Breathless – Great North Run – a soundtrack…


Distance 11 miles. Time 1 hr 50 mins 52 secs. Calories burnt 1289!!!

Words: Andy Johnson

Castle Eden Walkway is a nice place to go on a summer’s day for a stroll along the old railway track and for a coffee and a cake in the cafe at the old station.

Castle Eden walkway is not a nice place to go out in the blazing sun and attempt torun further than you ever have before. Alone. The first 5 miles to, the somewhat unimaginatively named, Station Town was a killer. Not much in the way of hills or anything but not much in the way of shelter from the midday sun either. I tried to keep my pace steady, using my wife’s Garmin gadget thingy, but had to pull back from my usual 9 minute-ish/mile pace as the heat took its toll. I seriously considered refilling my water bottle from a puddle as I realised I wasn’t going to have enough for the journey back. There’s also a lake I was tempted to dive head first into. Turned out that the return leg wasn’t quite so bad as it became more and more overcast the further along I got and even a slight breeze picked up, kicking the wind turbines into action on the hills. It is a pleasant route, if a little dull at times with long, flat stretches of nothing more than hedgerows and fields. 12 miles needed next Sunday. Might have to be a bit more creative with the route. I was in a very ploddy mode by the end but could probably have pushed it on for a couple more miles if needed so the basic training is pretty much done I reckon. Need to knock the booze on the head before these long ones though. Also probably need to get out a bit earlier although, ironically, it started to rain a bit as we ventured home which would have been ideal for this run.

Maybe I should train more in Manchester for guaranteed precipitation.

Soundtrack – Nick Cave & The Bad Seeds. Lyre of Orpheus / Abattoir Blues & Murder Ballads.

Occasionally Australia’s Nick Cave steps out of his darkest of shadows and snatches a few more, soon-to-be devoted fans from a more mainstream audience.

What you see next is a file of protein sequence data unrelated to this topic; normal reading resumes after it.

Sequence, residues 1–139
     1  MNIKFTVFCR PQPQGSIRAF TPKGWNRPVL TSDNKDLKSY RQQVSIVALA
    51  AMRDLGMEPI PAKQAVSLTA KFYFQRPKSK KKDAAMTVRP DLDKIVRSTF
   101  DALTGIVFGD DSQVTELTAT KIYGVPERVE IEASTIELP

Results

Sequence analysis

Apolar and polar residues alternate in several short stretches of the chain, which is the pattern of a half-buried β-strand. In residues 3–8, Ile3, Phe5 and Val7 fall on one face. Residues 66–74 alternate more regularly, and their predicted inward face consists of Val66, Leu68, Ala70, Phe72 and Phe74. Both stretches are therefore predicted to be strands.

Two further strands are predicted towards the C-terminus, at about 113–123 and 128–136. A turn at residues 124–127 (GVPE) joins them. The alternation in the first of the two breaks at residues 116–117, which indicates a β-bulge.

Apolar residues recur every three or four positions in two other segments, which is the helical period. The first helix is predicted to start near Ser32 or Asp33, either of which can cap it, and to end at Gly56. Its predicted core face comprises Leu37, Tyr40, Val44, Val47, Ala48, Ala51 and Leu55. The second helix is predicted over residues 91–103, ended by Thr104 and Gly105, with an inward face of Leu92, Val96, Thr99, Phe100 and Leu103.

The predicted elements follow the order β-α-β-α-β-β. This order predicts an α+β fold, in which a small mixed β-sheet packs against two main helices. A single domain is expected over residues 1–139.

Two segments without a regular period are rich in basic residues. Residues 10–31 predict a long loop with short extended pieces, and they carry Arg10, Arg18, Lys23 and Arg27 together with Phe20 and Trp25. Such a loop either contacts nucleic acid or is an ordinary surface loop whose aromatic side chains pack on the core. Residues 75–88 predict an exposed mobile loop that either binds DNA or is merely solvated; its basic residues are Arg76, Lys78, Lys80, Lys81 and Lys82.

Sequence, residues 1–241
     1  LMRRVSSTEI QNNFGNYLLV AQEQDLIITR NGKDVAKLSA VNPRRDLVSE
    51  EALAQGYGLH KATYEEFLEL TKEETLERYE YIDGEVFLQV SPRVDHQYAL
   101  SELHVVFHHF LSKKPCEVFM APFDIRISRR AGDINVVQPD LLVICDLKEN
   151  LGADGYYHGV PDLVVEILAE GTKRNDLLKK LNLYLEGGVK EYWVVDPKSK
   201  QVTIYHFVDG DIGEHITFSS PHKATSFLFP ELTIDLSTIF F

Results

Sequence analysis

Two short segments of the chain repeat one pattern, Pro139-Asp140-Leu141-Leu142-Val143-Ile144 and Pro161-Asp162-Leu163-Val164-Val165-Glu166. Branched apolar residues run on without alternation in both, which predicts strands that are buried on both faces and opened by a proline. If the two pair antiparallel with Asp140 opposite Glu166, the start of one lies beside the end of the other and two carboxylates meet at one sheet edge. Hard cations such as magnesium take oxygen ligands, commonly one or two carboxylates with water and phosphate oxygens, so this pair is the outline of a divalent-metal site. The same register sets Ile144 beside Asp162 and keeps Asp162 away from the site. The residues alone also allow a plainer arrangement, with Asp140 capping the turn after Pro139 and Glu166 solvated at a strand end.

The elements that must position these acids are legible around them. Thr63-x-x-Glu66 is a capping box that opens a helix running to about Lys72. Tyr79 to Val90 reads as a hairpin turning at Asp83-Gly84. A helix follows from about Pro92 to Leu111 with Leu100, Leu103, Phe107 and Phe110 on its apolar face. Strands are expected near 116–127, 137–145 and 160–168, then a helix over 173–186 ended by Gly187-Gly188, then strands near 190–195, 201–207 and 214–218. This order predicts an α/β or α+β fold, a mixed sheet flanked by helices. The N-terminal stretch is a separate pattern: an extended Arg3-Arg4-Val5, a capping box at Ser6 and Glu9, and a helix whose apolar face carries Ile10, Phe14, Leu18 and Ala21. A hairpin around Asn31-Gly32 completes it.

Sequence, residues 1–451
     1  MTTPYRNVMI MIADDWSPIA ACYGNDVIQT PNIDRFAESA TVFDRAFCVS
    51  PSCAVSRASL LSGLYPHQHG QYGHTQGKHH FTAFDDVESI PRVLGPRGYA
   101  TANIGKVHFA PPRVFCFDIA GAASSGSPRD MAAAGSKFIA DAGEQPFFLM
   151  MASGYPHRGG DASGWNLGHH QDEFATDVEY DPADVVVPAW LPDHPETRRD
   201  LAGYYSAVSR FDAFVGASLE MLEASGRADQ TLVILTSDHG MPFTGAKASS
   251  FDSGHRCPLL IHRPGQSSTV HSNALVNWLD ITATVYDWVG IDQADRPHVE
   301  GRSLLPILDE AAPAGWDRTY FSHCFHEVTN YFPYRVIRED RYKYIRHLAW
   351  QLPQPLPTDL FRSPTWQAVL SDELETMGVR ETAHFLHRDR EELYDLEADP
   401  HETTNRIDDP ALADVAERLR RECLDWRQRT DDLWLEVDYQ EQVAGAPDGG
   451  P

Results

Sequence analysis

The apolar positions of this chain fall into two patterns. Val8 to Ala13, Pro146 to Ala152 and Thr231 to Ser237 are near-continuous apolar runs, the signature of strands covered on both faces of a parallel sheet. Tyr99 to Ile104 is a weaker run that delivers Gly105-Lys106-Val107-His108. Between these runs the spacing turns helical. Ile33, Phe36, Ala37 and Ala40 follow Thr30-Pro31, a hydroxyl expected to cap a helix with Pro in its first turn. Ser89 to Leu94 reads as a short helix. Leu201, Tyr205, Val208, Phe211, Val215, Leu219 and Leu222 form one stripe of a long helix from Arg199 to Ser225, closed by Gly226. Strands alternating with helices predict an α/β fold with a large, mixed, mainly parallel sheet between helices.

He has managed to do this on several occasions over his lengthy career but still plough his own very singular furrow of folk/punk/blues/gospel. Perhaps he could be compared to Tom Waits in this respect. His clever use of Kylie Minogue for the song “Where The Wild Roses Grow” from the brilliantly morbid “Murder Ballads” album secured them both new admirers from across the board.

This album made up the final leg of my run and the juicy, bluesy, sweary stories kept my attention well and truly off the blisters for the final few miles.

I once wrote and produced a play with my students based on the song “The Curse of Millhaven” from the same album which I keep meaning to return to for a polish up/reworking. Not that Nick Cave’s work benefits from any kind of polish (or half-baked theatrical adaptation!). The Bad Seeds play and sound best when dirty, sloppy and almost as if they’re all playing different songs. They don’t quite build grooves in the traditional funky sense but can capture a vaguely discordant feel that both borrows heavily from blues riffs but sounds avant garde and experimental in equal measures. Lyre of Orpheus, both song and album present this notion excellently and also highlight the intellect and literary nature of much of Cave’s lyrics. Biblical/mythical references all add to the fire and brimstone delivery in Cave’s tales of apocalyptic love and death. “Lyre” is the mellower of the two albums released as a single package. “Abattoir Blues”, as the title would suggest, is a darker, heavier affair though not without soulful moments.

These two albums marked another moment when Cave enjoyed some mainstream success with critical acclaim for the work drawing in new fans. Strange for what amounts to a double album to do that. It’s the stories at the heart of the best of Nick Cave’s work that keep you hooked and live he is a mesmerising figure; part preacher, part pimp, part vampire, part Vic Reeves. It’s not surprising that he has also moved into writing novels and screenplays although I reckon the best is yet to come in those fields, as good as his first forays have been.

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